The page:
It has been suggested by many inside her campaign that she should immediately turn “negative” on Obama. He has a horrendous record on the Illinois Legislature which could be addressed with more clarity (pushing the wrong button while voting, etc.). He has a nebulous association with (slum lord) Tony Rezko, who is being prosecuted at this very moment for a variety of crimes, and in which Obama has been particularly mentioned in the case transcripts as “the prominent Presidential candidate”. Obama’s wife has been investigated and found to be at foul for her dealings with Tree House Foods Inc. and their unfair business practices (which include her unreasonable personal pay hike). Also, there is the question of Obama’s dealings with Exelon Enterprises and their nuclear leaks case (in which he changed legislation to favor said corporation), and now he also has two of it’s top officials, Frank M. Clark, executive vice president, and John W. Rogers Jr., a director, as his largest fund-raisers. Amid all of this damaging information, it would be utter lunacy for the Clinton campaign to restrain itself and not call Obama out on these issues. Irrespective of the fear of being accused of “the same old politics”, the reality of Barack Obama’s record could finally drive a wedge into the ludicrous claim that he is an apt candidate for the Democratic Party when facing a General Election.
    If Hillary Clinton does not make her case during the following weeks in an effective and aggressive manner, she is liable to be caught frozen on the headlights of the Mainstream Media’s presidential pick; Barack Hussein Obama. Strategically, attacking Obama on his record and dubious dealings with the Special Interests and PACs (from which he has taken millions of dollars) is the only remaining strength on her side that does not involve her obvious superiority in experience and track record. If she doesn’t chip away at Obama’s self-righteous mantle of infallibility and purity, she will lose the nomination and split her Party, which will be witness to a large piece of itself going the way of McCain in the General Election, all to ensure that Obama and the Media were not victorious. Ironically, all this rhetoric against negative campaigning will be irrelevant during the November contest, since Republicans have never considered ANY type of attack as “unfair”. The heart of the Democratic Party is now exposed to the anvil of the Telecommunications industry, and only time will tell if it will be sliced into multiple pieces, or if it will stand it’s ground at the time of the Convention.

  • Michael

    Jennifer, you raise some important points, but I believe there are also details that directly contradict with events already discussed on this blog.

    Hillary Clinton, for the first time, has lost the lead in delegates and is the underdog. As Barack Obama before her, she now has to be aggressive in a new and desperate sense. Obama’s campaign has constructed a very well conceived platform, which you point out shields him most negative attacks. This is political savvy on his part, and I chalk it up as an innovative and far-thinking political tool that, I hypothesize, will be an effective foil if he goes up against the Republican “machine.”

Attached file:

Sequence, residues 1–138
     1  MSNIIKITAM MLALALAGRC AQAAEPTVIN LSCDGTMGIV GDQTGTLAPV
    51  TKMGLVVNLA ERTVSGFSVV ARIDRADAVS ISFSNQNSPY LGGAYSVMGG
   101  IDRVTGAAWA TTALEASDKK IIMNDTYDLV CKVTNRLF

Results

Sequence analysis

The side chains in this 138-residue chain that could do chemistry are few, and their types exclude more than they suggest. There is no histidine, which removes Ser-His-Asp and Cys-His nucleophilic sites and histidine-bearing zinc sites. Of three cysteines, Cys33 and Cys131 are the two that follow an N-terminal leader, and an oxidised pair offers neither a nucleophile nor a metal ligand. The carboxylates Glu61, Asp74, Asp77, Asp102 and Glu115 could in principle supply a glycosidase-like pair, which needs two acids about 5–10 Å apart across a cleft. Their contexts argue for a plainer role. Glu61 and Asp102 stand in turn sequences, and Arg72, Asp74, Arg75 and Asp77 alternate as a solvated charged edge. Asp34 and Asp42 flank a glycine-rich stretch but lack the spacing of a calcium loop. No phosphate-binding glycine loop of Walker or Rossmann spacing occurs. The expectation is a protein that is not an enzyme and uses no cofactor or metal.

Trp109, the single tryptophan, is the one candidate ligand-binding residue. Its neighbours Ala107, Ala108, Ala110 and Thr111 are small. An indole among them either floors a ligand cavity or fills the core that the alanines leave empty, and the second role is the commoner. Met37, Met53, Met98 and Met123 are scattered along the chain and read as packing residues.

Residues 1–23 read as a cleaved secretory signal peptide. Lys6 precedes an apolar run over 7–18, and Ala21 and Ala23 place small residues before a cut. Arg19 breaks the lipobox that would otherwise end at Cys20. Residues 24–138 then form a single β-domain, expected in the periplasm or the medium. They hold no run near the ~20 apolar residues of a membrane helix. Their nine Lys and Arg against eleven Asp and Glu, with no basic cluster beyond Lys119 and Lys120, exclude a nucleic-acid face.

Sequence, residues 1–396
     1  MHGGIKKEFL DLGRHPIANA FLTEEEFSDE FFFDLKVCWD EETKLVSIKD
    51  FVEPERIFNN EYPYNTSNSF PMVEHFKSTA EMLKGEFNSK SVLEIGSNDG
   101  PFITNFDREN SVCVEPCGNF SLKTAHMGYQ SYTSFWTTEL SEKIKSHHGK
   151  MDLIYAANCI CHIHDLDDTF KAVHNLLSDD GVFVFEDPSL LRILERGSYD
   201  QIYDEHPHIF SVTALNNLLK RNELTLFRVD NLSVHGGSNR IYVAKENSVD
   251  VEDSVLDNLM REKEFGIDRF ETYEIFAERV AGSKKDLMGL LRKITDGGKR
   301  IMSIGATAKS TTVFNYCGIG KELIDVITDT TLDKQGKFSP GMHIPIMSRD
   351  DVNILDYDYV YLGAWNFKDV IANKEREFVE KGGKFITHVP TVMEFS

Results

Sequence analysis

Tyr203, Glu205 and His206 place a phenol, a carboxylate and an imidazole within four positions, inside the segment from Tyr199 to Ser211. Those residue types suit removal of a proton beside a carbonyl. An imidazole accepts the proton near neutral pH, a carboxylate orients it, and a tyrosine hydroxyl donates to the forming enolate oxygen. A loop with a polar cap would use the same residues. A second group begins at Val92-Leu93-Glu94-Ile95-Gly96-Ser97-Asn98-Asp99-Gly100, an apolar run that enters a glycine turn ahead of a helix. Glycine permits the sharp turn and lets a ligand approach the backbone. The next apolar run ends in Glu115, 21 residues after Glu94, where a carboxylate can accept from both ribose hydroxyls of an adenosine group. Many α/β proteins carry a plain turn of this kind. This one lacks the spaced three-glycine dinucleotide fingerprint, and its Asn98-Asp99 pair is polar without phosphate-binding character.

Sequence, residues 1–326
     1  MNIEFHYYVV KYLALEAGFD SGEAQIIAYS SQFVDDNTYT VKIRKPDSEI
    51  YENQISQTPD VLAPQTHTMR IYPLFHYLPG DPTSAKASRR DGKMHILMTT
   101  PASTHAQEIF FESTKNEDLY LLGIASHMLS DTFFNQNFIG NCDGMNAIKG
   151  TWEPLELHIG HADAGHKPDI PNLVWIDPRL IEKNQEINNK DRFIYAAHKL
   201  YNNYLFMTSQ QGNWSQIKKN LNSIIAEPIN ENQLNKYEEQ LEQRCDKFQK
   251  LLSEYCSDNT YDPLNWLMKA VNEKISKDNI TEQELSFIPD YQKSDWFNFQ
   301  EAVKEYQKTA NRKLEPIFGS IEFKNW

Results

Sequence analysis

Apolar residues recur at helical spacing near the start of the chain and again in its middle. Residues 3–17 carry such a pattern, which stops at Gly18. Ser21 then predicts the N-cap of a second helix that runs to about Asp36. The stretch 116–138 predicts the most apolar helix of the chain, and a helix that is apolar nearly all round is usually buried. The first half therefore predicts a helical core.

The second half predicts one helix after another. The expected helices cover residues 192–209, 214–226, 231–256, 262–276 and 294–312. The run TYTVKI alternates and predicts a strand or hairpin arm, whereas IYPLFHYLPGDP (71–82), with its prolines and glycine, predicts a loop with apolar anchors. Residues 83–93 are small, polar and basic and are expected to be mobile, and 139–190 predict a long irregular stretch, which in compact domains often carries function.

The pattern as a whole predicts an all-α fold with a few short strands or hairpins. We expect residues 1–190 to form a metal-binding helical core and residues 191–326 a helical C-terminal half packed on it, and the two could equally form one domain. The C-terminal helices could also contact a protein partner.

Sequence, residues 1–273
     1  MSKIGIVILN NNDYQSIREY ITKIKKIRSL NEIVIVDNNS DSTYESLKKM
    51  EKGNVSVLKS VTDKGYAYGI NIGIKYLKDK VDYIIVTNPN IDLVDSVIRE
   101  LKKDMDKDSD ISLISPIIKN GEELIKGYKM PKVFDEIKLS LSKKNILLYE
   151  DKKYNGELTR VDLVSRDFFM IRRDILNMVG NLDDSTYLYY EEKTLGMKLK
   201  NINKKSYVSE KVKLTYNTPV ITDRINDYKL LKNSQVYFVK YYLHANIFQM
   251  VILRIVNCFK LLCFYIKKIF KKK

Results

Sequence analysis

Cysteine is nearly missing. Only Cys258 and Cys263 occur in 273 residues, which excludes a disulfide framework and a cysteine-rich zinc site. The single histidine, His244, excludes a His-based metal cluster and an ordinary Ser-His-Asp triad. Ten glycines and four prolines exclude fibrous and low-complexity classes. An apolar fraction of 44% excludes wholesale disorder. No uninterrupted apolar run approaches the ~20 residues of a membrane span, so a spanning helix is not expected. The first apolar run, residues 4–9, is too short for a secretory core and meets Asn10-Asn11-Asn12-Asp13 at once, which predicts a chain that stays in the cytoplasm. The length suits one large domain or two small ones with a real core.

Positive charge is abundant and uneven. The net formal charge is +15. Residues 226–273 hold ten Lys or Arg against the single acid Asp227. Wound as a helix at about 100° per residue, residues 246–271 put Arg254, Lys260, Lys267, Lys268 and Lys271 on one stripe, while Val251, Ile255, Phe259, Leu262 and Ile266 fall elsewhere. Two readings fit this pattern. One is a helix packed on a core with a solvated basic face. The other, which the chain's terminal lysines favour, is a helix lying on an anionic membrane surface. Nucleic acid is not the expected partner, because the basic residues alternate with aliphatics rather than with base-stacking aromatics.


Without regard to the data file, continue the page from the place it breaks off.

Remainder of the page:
As for negativity, there are important things to consider. Hillary Clinton’s campaign spilled the first ‘blood’ so to speak during and after Iowa. Nate mentioned over a month ago how during a debate Hillary vowed not to go negative, and then did– to which the Obama campaign released a clock on their website showing how many days ago she had vowed to NOT go negative, and how many days she had been going with negative campaigning.

    Your response in many ways illustrates part of the negative campaigning from both sides of the Democratic isle. Supporters are getting heated and lashing out at the opposing platform, using negative rhetoric (in lieu of their candidates!).

    Obama bought some land with Rezko. Yes, that was wrong, and he has since apologized and has been giving back money that Rezko donated to his campaign. Michelle Obama worked for Tree House Foods for two years and quit last year. I have no idea what “foul dealings” you are referring to with her, other than the fact that Tee House Foods happens to sell their products through Wal-Mart.

    This litany of responses can go on, but I will stop here by saying that there is very little data and depth to many of these accusations, or dirt from what is found. Obama has generated over 450,000 different individual donors. If anything, he has demonstrated a strong grass-roots support network, which is now being funneled by MoveOn.org (which reportedly helped raise a few million to his cause in a few weeks). Hillary Clinton’s support is far more sparse– both in individual numbers and in financial figures.

    His incredibly support in Illinois and support by fellow Democratic Illinois senators reflects a strong track record (and this was also fully addressed in the last debate with John Edwards, where Hillary did try to go negative with this and it backfired horribly).